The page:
Le Guin, Ursula K. (2001). The Other Wind. New York: Harcourt.
Reviewed 18 September 2001
Tehanu () is definitely not the "Last Book of Earthsea" now! Following close on the heels of Tales of Earthsea () (reviewed here in May), The Other Wind extends Le Guin's Earthsea books through its second discrete trilogy.
That is what Le Guin has done here. The first three books are about Ged/Sparrowhawk, and his struggles with the three essential components of personal development: self-identity, sex, and death. The second three books, while set in Earthsea, are really not about people at all; they are about dragons. On second thought, they are about people, because these aren't cartoon dragons out of some bad writer's pale shadow of Der Ring des Niebelungen (which, itself, is a secondary telling). These are Jungian dragons, the dragons in everyone's soul. Thus, we're back to the struggle with identity, sex, and death again.
The Other Wind can certainly be read on its own, and it's a fine book in its own right. However, Wind makes much more sense when read as a simultaneous shadow and caster of shadows against The Farthest Shore and "Dragonfly," the last story in Tales, which previously appeared in Robert Silverberg's all-star anthology Legendsand, sad to say, was the only piece there that could truly stand alongside the source works. Wind is a quest, but a rather strange one, one outside the tradition of Quest that has come to dominate commodity fantasy. The protagonist, Alder (take a look at Makah mythology, not just Ivar's or the lumber yard), does not seek a kingdom, or riches, or the princess. He seeks sleep unhaunted by the dead.
One possible interpretation (a weak one, but one that will no doubt be put forward by disapproving idiots who have their own agendas) of the resolution of the dead in Wind is as a disapproving echo of Revelations. However, Le Guin carefully avoids the risks inherent in allegory, because it's not quite as disapproving as it immediately seems. The surface conflict between the dragons' and man's choices is not quite so clear as even Irian makes it seem:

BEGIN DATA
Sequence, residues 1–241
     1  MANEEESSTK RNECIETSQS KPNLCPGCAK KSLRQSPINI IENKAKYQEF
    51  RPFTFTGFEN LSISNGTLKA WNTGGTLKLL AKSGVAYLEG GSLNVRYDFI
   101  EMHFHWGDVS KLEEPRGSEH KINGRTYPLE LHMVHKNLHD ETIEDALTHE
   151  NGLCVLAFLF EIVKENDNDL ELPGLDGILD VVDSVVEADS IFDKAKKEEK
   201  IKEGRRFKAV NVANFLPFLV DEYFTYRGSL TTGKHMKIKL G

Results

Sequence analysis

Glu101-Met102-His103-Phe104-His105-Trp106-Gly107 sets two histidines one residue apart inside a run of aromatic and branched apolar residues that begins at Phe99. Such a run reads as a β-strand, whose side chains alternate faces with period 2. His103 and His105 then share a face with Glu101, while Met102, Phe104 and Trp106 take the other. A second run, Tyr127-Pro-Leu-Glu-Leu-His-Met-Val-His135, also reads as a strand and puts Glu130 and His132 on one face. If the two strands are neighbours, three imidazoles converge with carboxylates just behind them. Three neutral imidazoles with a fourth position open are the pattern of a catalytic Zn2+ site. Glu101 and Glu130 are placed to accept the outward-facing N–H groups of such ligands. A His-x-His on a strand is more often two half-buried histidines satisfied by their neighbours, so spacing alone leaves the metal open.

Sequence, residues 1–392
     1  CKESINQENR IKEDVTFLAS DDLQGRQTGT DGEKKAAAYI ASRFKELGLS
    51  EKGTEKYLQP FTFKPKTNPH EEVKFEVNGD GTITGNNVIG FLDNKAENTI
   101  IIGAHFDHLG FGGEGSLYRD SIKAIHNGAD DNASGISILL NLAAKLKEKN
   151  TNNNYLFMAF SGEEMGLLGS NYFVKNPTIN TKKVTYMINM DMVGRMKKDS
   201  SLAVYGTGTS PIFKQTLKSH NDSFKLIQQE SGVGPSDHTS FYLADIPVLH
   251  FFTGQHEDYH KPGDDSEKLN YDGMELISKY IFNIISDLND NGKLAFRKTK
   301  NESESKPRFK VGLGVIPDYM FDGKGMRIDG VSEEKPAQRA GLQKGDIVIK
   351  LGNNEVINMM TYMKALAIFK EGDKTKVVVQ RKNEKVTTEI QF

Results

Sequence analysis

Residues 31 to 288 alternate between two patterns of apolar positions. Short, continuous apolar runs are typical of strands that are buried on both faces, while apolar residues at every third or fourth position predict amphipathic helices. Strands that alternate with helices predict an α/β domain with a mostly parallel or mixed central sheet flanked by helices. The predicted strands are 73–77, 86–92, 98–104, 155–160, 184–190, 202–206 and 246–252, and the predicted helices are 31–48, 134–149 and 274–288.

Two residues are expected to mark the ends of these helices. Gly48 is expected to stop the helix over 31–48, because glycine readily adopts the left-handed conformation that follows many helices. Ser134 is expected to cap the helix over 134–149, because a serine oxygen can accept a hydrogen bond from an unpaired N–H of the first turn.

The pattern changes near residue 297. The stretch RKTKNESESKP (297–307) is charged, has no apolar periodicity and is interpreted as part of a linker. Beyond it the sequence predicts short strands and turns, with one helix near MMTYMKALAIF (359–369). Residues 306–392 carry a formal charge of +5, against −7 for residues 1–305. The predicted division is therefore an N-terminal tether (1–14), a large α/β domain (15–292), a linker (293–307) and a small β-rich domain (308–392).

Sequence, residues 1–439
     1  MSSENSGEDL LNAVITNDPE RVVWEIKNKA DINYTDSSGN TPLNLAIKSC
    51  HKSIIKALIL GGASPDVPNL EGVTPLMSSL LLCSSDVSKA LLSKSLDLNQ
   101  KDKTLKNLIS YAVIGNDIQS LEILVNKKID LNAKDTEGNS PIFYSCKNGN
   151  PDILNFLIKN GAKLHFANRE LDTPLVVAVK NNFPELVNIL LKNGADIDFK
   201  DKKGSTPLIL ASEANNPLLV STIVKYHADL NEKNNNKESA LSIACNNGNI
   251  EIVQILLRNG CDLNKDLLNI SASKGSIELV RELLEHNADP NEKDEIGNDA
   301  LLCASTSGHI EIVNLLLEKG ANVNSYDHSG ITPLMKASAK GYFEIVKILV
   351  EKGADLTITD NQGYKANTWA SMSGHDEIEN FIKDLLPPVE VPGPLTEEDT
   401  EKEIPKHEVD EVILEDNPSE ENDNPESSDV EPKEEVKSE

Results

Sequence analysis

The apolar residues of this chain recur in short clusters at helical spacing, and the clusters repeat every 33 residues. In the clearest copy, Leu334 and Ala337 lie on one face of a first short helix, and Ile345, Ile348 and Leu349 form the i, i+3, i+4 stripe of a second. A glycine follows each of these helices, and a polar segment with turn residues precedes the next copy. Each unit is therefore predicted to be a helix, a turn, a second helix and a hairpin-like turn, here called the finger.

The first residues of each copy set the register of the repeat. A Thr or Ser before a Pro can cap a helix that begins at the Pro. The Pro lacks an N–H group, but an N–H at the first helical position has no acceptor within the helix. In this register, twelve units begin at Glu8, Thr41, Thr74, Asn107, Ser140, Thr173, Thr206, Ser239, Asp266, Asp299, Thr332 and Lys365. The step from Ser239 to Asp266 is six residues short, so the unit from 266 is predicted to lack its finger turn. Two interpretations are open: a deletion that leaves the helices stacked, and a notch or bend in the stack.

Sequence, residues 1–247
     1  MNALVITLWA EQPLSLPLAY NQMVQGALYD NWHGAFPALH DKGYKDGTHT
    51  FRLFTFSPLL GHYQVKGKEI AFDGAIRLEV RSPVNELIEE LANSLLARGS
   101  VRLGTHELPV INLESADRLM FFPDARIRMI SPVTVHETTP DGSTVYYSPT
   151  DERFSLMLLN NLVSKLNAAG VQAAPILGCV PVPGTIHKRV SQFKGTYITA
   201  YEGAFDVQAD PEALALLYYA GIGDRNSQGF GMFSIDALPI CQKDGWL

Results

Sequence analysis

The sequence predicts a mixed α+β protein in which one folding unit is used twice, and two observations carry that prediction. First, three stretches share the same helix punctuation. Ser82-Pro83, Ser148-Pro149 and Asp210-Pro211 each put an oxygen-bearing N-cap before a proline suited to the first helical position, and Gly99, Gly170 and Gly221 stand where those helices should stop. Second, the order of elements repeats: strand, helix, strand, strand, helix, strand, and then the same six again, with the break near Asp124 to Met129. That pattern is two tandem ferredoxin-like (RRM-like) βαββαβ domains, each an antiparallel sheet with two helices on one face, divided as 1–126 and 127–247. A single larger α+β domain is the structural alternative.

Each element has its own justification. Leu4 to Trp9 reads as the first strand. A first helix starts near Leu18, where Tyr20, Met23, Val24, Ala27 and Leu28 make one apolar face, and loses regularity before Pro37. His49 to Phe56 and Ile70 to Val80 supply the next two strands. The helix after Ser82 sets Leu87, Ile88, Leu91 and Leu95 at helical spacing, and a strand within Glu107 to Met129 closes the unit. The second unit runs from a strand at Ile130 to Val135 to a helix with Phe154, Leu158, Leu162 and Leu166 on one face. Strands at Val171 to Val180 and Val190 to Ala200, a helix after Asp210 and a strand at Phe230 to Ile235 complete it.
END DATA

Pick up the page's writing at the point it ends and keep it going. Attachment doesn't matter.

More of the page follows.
"Do you think we dragons fly only on the winds of this world? Do you think our freedom, for which we gave up all possessions, is no greater than that of the mindless gulls? That our realm is a few rocks at the edge of your rich islands? You own the earth, you own the sea. But we are the fire of sunlight, we fly the wind! You wanted land to own. You wanted things to keep. And you have that. That was the division, the verw nadan. But you were not content with your share. You wanted the wind! And by the spells and wizardries of those oath-breakers, you stole half our realm from us, walled it away from life and light, so that you could live there forever. Thieves, traitors!"
Of course, this is out of context. (I'm not going to spoil the rest of the book!) The result is much more complex than any allegory. Irian's own words indicate that the dragons don't quite understand, either; the dragons claim two possessions which they are unwilling to give up: air and fire.
What makes Wind a work of fiction, rather than another New Age book of platitudes wrapped up in some worthless, self-aggrandizing author's-shadow-character's pseudoquest for self-enlightenment as in Jonathan Livingston Guano, is the care Le Guin pays to making the characters consistent with both themselves and with their context. Alder ultimately succeeds because he both has no illusions about himself and is satisfied with that; conversely, the Summoner nearly destroys all, explaining that he pulled Alder back from the wall between death and life "Because I had the power to do it." Irian, Tehanu, Tenar, and Lebannen are characters we have met before, and they have changed. But they change in a consistent, comprehensible way, without resorting to a vision on the road to Damascus.
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